Ruling Justice and Development Party (AK Party) lawmakers will have the opportunity to work part-time or have flexible working hours during the fight against the coronavirus outbreak in Turkey.
According to a statement from party headquarters, lawmakers will start the flexible working schedule on Monday.
A short and balanced working program has been prepared for the 80 deputies who will take part in the General Assembly sessions and parliamentary commissions, while the rest of the lawmakers are urged to stay home and follow public health guidelines prepared by the Health Ministry.
Monday’s parliamentary work involving interior affairs and justice commission members were chosen from Afyonkarahisar, Aksaray, Amasya, Ankara, Bolu, Çankırı, Çorum, Düzce, Eskişehir, Kayseri, Kırşehir, Konya, Nevşehir, Niğde and Tokat provinces, according to the statement.
Turkish political parties and the Parliament have taken a series of precautions to prevent the spread of the pandemic.
Politicians currently opt for teleconference meetings rather than face-to-face meetings and avoid handshakes, keeping a personal distance of at least 1 meter (3.3 feet), per the advice of health experts.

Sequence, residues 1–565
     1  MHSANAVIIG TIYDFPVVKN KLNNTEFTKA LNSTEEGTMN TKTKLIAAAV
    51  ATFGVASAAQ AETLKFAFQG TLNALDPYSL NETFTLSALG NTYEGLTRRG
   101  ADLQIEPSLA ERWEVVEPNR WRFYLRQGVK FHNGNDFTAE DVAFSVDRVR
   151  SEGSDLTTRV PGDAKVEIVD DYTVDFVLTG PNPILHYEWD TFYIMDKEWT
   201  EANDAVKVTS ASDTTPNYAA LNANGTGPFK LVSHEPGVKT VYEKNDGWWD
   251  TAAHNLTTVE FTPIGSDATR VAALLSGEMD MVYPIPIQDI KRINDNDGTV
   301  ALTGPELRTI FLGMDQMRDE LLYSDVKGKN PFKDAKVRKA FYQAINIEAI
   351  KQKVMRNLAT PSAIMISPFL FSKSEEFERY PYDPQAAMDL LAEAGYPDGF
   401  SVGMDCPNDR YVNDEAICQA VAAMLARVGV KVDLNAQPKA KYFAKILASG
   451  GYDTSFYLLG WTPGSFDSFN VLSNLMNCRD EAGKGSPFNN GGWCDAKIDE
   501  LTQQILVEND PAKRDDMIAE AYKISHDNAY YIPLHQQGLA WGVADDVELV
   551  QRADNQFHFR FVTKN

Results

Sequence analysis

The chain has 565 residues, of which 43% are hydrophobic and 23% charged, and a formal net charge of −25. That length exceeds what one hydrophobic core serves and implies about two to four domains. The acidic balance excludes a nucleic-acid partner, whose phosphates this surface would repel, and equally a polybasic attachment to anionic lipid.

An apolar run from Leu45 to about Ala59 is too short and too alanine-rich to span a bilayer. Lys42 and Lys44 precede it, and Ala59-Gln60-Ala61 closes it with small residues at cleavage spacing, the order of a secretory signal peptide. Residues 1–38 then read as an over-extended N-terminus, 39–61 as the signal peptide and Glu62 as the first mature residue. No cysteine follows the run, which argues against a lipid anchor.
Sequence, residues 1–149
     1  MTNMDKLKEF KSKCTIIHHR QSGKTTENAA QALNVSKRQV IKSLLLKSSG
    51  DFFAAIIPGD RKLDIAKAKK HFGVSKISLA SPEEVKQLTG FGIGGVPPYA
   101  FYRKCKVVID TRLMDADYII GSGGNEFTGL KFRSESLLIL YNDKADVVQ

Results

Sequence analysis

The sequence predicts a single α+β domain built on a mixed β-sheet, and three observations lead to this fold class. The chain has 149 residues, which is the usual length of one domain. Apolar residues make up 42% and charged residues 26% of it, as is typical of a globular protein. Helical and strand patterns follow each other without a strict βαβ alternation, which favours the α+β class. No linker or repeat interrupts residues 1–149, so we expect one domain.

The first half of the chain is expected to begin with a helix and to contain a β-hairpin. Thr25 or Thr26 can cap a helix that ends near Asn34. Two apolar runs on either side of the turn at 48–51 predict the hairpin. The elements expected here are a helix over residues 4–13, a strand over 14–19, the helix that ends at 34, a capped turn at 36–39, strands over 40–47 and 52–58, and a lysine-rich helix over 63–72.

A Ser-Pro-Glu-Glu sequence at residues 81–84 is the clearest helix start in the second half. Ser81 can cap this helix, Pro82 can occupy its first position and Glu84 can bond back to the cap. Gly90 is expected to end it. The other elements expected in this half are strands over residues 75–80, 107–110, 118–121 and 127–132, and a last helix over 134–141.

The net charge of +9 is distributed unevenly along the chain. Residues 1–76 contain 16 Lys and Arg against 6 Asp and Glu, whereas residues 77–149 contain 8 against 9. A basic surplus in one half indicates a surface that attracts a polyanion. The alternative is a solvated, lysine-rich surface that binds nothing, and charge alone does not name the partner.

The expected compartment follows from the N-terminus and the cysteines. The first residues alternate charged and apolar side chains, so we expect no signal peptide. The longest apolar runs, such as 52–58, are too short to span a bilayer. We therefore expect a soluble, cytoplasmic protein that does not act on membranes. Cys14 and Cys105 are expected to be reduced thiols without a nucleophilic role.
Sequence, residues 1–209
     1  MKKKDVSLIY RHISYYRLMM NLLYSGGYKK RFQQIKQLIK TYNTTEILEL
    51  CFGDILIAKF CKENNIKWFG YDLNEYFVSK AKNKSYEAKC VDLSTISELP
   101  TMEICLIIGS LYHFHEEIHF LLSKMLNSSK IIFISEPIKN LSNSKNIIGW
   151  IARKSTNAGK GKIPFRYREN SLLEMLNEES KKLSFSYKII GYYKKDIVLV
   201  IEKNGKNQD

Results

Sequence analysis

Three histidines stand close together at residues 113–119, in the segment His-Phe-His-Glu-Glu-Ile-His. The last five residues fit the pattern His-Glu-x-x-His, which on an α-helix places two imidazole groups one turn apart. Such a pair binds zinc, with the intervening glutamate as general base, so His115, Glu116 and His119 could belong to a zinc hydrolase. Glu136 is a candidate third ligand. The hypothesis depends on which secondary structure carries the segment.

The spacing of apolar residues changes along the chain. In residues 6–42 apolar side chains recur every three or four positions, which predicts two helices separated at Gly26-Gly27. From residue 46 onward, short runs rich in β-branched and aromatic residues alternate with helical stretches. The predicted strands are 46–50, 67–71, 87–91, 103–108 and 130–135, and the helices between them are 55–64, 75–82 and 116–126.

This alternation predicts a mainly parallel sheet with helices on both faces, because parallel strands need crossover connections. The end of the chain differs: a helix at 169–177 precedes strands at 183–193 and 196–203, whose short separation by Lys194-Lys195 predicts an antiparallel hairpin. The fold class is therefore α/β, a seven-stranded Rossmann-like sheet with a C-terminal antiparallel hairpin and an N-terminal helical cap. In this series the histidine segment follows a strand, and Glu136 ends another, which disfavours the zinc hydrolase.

Minimum numbers of lawmakers will continue to hold debates on the economic omnibus bill in Parliament. Amendments, in line with President Recep Tayyip Erdoğan's recommendations, may be made to the bill later, according to sources.
As Ankara increased its measures to curb the outbreak, the Interior Ministry ordered a nationwide closure of almost all social gathering places, including cafes, cinemas, gyms and wedding halls. The ministry earlier ordered all bars, discos and nightclubs in all provinces to be closed down as well. The country’s top religious authority, the Presidency of Religious Affairs (DİB), announced a ban on prayer gatherings, including Friday prayers, while leaving mosques open to people who want to perform daily prayers.
In recent weeks, Turkey has closed most public spaces, schools and universities, and restricted public transport. It also imposed a 24-hour curfew for people aged 65 or over as well as for those with chronic illnesses. In Istanbul, people aged 65 or over with limited financial means will receive food packages at their homes, Gov. Ali Yerlikaya said Friday. The campaign, starting on Monday, covers nearly 50,000 people and will last for six weeks.
Stalls at local bazaars and marketplaces have to keep at least 3 meters of separation and are not allowed to sell nonessential items, such as clothing, the Interior Ministry announced late Thursday. Food can only be sold in packages.
In some cities and towns, police officers at checkpoints have started thermal screening of people arriving from out of town. In a bid to raise awareness, traffic lights in most cities now flash messages urging people to stay home.
The coronavirus originated in Wuhan, China, and has infected more than 570,000 people worldwide, killing 26,000. Nearly 126,000 have recovered so far.